It is an environmental nightmare, a human tragedy across the Top End of proportions we have certainly not seen in my time in this country. It is a complete meltdown, and that is the advice that they gave them. The Prime Minister is talking about animal welfare issues. Perhaps she was not aware that, as a consequence of the ban, having twice as many cows with the same amount of grass would cause an animal welfare issue. And we have actually quoted this complete debacle in the state. It beggars belief why someone would rush and put out this sort of rubbish.
Senator Ludwig’s statement goes on to say:
We have put in place a framework which allows this to occur, and these standards will be public documents.
It was the industry that did the work. I was over in Indonesia last weekend. I was talking to industry; I was looking at how they did it. I did not see any government officials over there doing the work. ‘We put the framework in place’. What Labor has done has created a complete human disaster across the Top End. Now they are saying, ‘Oops, sorry about that,’ and are going to somehow take the credit for fixing it. This is emblematic of this government. The only time they appear to try to tell you they have done something well is to say, ‘Look, we’ve fixed it. Pink batts? Sorry about that; no, we’ve got another program. You’re supposed to clap.’ In respect of the disaster with the school halls debacle, Building the Education Revolution, they say, ‘Oh, by the way, the media says we have invested in all this stuff. We’ll fix it.’ They are absolute rocket scientists at fixing disasters of their own making, and this is another one.
Right from day one, we were pretty pleasant about it; we said, ‘Look, the thing you need to do is to reverse this decision. You made a reasonable decision on day one.’ The decision made on day one was to say, ‘Look, there are obviously places these cattle do not need to go to. You can only send them to places where we are assured that the animals will be treated to a standard.’ Those standards were there then. Those inline processes were there then. All they had to do was lift the ban and that is the only thing they did not do for a full month. Of course, they have waved the magic wand; it is all fine now! There are just a couple of things missing. An important one, of course, is those cattle. Now, where do we put them? They are probably in the back paddock!
I have driven down some of these fencelines and they are 100 kilometres long in one paddock. These are enormous places. This is an extensive enterprise. This is not intensive farming. You do not whistle up the sheepdog and go round the back paddock and squirrel them onto the truck. This is an enormous undertaking, and they are doing it for the second time. They have already invested hundreds of thousands of dollars in getting these cattle to the point where they are, and suddenly they are told, ‘Sorry about that, guys. Just go back to square one.’ Do they think they are going to keep the cattle in a pen? You cannot do that. There is not any fodder. They have done the right thing in looking after the animals, and they’ve released them back onto the rangeland.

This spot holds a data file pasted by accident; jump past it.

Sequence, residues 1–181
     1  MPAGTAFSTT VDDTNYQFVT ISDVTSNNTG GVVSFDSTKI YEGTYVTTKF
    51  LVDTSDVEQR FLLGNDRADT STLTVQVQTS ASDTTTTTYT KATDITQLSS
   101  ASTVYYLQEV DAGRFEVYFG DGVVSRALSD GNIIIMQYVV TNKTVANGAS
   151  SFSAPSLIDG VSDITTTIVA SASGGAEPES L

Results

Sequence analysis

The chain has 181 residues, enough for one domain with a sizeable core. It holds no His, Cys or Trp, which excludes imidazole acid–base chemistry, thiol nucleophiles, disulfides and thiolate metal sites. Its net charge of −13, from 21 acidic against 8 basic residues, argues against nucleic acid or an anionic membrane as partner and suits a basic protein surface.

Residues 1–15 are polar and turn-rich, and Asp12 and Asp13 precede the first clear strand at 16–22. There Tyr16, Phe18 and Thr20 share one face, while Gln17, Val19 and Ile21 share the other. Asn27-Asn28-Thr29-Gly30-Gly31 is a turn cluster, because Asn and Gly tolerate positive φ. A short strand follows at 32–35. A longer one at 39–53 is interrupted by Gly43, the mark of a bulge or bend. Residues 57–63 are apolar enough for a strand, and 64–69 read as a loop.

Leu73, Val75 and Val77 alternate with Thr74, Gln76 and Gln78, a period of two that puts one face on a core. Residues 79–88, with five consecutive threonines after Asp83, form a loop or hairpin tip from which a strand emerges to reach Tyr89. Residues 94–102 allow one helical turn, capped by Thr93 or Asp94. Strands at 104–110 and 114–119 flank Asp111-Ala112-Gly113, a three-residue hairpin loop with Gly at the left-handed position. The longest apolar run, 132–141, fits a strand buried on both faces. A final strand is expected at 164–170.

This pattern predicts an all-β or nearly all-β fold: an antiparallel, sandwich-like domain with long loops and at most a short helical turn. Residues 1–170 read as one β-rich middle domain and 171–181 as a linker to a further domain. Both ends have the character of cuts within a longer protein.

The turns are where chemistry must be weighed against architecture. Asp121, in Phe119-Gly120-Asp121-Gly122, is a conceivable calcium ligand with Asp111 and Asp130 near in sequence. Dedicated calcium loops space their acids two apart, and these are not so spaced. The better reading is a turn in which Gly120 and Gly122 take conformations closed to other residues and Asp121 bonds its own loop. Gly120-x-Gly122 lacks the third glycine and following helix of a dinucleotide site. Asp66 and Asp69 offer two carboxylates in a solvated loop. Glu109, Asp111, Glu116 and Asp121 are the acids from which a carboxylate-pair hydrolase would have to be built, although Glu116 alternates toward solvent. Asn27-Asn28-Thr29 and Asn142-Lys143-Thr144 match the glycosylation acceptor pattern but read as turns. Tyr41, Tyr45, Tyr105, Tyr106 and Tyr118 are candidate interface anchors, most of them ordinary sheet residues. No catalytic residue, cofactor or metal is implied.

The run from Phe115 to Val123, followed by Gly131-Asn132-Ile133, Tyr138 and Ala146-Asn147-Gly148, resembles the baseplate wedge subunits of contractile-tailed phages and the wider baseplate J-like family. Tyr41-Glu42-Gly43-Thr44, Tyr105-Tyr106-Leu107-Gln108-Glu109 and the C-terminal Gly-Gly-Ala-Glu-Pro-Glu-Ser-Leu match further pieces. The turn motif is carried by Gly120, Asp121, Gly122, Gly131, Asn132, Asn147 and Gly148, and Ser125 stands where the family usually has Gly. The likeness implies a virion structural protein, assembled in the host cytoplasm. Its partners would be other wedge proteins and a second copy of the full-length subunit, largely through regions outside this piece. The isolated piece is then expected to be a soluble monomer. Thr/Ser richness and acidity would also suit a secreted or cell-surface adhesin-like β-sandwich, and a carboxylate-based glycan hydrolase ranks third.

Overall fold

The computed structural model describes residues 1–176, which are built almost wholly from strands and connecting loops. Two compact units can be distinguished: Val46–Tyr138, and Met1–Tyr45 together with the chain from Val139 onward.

We have to get the cattle back. They have had some numbers of very sad and tragic calls from people trying to find work in pretty tough conditions. The trucks are still sitting there; it is pretty hard to start the truck without the driver, as Mr Sterle will attest. Some of them have gone to the mines. Some of them are looking for other work. I can tell you that, when someone moves from driving a truck with cattle and makes the decision to go to the mines, sometimes it is pretty hard to get them back.
And that is the other thing, of course: we have that bit of water between us. So we are going to need the odd ship. I tell you what: it is going to take more than a sheepdog to find those. They have gone to other parts of the world to ply their trade in different places with different cattle to our market. These ships are not going to arrive like that. So they are on the phone now saying, ‘Sorry about that.’ The Australian government are not making those calls. It is the exporters saying: ‘I wonder where those ships went. If you can possibly come back. I know it’s a bit embarrassing; this government does that a bit.’
The other thing is how the markets are going. Every day last year we exported 15,000 head of cattle. This is a fresh-meat market, and there is a process. What is going to happen now is that every ship that did not sail—every day that went past—was another 15,000 head that will not leave our range lands and will not arrive in the marketplace.
And of course there is the relationship with Indonesia. I am completely embarrassed when a Third World, developing country refers to Australia as a sovereign risk. It is very responsible. That is what they have said. (Time expired)